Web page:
Time to end CPRS special pleading and deception Media Release

Jul 29, 2009 - 12:42pm

The Climate Institute today called on the coal industry and other big polluters to end their campaigns of relentless special pleading and deception over the Carbon Pollution Reduction Scheme as it threatened to stifle growing jobs and profits in a clean energy economy.

“All credible modelling, including that used by the big polluters, shows that we can have significant reductions in carbon pollution and still grow jobs and the economy,” said John Connor, Climate Institute CEO.

“The big polluters and some sections of the media intentionally or otherwise misrepresent a relative drop in employment in models against theoretical reference cases as an absolute drop when in fact the results show that absolute employment numbers continue to grow.

“This was highlighted in May when the Minerals Council of Australia tried this trick but the CFMEU pointed out the MCA claims of impacts actually showed growth in mining jobs of up to 120% in Australian states under the CPRS.”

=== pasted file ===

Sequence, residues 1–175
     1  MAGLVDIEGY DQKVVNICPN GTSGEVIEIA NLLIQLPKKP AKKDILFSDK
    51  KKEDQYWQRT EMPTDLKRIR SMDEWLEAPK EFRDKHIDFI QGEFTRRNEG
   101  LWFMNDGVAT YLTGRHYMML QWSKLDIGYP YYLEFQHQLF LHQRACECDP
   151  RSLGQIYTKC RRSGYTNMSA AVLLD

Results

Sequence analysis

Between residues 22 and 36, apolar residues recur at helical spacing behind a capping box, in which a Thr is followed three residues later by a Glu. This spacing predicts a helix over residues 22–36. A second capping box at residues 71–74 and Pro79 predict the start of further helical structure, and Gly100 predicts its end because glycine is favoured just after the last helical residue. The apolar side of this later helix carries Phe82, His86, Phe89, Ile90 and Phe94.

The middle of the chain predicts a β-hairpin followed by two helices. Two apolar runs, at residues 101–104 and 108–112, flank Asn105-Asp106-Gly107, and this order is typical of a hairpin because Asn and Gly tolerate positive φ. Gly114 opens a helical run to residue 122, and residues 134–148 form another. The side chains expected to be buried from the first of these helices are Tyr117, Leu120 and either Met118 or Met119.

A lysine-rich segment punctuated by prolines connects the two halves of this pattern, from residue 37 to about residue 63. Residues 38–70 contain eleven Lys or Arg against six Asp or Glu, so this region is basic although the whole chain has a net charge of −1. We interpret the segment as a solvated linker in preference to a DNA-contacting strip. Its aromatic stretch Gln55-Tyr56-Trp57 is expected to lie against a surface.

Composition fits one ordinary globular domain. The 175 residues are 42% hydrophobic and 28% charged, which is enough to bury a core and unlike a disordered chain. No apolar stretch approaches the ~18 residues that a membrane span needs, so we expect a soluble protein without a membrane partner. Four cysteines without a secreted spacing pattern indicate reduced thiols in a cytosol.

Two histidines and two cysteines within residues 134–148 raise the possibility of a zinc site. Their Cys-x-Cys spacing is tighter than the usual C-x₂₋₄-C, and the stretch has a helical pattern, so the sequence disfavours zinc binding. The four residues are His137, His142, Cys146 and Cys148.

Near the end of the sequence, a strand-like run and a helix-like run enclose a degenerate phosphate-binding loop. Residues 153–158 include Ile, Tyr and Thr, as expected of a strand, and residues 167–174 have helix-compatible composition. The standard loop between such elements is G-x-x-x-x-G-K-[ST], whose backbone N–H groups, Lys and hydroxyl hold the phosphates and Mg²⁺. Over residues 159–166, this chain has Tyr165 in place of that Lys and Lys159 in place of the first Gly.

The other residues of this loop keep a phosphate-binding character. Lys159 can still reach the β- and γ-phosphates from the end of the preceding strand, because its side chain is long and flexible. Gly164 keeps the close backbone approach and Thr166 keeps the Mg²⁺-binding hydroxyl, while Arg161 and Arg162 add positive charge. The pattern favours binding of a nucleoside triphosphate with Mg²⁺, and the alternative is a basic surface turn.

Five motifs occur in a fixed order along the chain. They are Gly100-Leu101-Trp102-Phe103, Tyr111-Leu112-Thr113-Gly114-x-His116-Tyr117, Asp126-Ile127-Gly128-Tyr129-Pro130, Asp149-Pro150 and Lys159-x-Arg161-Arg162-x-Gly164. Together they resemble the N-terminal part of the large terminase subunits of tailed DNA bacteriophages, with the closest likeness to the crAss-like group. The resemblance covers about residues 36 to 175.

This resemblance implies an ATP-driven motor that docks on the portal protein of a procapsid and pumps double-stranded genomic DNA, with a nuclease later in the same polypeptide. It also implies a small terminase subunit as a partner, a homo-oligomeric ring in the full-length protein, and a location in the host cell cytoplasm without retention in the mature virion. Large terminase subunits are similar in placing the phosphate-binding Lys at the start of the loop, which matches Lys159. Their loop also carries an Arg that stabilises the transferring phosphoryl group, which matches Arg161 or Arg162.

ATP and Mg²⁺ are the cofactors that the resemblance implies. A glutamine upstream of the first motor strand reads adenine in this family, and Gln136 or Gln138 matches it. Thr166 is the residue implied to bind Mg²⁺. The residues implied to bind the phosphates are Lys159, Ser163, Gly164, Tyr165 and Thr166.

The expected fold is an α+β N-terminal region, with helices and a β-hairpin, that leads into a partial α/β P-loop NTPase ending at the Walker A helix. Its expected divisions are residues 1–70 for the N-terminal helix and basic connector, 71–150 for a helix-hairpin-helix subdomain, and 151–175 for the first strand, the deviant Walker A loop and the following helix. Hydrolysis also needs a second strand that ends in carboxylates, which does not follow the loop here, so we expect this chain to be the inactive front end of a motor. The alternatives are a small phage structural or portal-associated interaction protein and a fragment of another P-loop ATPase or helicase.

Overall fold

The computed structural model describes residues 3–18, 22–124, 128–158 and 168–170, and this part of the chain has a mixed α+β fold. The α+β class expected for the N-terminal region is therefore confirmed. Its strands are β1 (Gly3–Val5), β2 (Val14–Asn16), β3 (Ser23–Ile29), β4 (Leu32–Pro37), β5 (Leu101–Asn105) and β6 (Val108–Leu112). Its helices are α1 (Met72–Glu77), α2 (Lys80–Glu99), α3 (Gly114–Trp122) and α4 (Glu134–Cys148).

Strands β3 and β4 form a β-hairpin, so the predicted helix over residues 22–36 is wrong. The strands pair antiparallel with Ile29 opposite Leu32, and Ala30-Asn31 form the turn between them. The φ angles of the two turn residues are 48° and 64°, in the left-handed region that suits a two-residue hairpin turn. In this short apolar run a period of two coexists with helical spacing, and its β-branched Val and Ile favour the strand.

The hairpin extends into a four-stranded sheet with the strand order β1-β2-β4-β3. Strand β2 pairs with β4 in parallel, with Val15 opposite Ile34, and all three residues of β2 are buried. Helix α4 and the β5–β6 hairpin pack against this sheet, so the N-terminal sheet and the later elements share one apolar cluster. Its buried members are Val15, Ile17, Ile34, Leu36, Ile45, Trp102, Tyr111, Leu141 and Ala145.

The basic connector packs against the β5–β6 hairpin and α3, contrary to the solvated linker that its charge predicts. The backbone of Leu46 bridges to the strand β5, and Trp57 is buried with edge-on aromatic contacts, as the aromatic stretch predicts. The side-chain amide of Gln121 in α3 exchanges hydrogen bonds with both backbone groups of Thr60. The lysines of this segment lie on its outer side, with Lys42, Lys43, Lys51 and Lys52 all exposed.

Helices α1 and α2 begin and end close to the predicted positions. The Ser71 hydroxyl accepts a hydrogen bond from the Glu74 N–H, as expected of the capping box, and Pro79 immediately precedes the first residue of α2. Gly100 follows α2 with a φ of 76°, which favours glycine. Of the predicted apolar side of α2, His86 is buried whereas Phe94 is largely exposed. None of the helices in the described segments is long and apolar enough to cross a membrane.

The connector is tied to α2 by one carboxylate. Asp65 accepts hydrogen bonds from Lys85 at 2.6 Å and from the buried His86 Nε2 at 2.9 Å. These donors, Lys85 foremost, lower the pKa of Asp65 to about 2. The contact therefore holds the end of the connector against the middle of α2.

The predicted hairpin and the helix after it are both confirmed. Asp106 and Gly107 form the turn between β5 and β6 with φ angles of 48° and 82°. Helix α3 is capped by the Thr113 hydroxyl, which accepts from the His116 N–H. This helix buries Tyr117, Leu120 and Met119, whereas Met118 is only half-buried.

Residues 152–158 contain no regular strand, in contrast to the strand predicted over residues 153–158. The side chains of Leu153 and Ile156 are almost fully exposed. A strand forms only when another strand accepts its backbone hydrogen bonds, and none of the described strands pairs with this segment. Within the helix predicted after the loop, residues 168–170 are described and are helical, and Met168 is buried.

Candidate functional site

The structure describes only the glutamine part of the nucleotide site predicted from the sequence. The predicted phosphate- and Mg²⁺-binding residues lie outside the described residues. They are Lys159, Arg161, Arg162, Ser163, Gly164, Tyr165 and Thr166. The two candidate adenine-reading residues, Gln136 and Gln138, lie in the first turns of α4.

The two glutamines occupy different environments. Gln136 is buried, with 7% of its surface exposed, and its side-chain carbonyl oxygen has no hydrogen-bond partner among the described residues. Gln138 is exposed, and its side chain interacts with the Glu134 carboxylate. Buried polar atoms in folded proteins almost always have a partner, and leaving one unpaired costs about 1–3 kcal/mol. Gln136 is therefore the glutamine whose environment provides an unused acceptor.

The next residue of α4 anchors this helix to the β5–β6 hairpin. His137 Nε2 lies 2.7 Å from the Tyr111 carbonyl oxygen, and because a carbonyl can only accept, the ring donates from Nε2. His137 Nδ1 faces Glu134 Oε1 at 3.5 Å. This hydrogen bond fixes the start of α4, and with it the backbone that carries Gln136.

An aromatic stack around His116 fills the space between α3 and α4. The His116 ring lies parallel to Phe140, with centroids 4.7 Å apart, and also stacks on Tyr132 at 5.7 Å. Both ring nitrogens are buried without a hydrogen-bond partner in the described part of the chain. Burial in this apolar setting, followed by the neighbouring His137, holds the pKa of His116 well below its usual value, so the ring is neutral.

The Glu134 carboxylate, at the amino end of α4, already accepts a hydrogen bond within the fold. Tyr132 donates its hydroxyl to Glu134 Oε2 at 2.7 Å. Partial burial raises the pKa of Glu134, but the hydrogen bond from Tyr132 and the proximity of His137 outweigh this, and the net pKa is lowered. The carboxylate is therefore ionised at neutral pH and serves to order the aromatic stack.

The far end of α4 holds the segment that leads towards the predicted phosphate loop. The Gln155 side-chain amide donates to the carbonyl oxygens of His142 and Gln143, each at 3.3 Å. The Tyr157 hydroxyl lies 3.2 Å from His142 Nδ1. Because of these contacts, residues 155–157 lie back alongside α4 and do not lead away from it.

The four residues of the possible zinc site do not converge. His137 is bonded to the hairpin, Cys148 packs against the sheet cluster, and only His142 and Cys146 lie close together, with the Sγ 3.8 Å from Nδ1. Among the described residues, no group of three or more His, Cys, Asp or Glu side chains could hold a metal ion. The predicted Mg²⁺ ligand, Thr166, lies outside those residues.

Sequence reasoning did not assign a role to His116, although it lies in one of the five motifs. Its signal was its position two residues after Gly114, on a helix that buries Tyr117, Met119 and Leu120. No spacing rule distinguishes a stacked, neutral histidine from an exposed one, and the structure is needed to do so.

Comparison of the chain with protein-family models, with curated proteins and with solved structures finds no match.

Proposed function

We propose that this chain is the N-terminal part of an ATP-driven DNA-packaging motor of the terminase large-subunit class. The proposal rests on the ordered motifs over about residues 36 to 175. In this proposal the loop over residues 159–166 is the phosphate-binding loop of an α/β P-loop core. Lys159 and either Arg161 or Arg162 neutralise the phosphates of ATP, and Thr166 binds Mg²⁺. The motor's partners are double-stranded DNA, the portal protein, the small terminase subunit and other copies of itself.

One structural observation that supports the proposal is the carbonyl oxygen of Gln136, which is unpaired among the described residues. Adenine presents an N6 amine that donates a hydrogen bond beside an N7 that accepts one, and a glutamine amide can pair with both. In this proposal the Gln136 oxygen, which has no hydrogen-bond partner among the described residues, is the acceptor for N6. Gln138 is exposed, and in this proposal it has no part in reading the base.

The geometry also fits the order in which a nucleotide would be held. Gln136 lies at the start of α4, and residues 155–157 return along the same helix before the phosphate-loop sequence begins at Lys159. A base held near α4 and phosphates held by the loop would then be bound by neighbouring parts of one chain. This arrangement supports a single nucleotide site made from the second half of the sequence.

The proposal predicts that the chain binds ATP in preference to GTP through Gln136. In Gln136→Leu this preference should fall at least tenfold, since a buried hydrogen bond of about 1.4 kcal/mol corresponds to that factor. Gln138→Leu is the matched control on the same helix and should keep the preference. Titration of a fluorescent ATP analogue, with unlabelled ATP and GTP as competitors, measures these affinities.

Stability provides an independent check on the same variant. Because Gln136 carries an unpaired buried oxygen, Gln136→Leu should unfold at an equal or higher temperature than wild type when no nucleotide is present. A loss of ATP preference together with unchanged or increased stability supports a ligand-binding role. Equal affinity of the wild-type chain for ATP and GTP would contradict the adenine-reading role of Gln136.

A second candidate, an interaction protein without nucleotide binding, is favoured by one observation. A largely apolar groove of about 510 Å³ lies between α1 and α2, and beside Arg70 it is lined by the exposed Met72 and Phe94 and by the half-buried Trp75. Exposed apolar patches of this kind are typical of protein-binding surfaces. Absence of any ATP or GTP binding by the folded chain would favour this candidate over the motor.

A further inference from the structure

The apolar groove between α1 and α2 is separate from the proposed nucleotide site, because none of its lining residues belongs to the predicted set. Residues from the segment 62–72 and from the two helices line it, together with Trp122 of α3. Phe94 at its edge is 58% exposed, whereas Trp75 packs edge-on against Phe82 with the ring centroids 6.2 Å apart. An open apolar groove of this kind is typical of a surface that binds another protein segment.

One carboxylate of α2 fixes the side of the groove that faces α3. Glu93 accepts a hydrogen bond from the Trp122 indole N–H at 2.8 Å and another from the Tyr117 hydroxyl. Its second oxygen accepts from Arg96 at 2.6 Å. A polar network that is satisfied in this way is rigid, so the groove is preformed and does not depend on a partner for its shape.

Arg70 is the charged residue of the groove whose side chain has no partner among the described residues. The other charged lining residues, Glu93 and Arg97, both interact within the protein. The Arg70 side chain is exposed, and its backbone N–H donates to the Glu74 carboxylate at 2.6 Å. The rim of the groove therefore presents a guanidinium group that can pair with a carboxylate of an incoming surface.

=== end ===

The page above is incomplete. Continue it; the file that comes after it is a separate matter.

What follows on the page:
The Minerals Council of Australia’s CEO, Mitch Hooke, recognised this when he told a recent Senate inquiry:

“we are not suggesting this is scorched earth. We know we are going to continue to grow.”

Modelling by the International Energy Agency, the Garnaut Review and Australian Treasury has shown that under strong emissions reduction targets, the coal industry will continue to prosper, The Climate Institute said.

Under a Garnaut scenario where Australia reduces emissions by 25 percent below 2000 levels by 2020 and 90 percent by 2050, the gross value of Australia’s coal industry increases by over 35 percent by 2050.

“Coal lobby advertising seeking further compensation and claims that the CPRS will ‘lead to job losses’ is reckless, backward looking and irresponsible and is throwing up obstacles to a transition to a successful and sustainable clean energy economy.”

“Handing over more money to coal would unfairly burden the rest of the economy and divert money that should be invested in clean technology to help households and businesses prepare and prosper in the clean energy economy.”

“We are prepared for sensible discussions about how to best target the existing hundreds of millions of dollars of support already dedicated to the coal industry but we call on the coal industry and other big polluters to stop this misrepresentation of economic modelling,” concluded Mr Connor.

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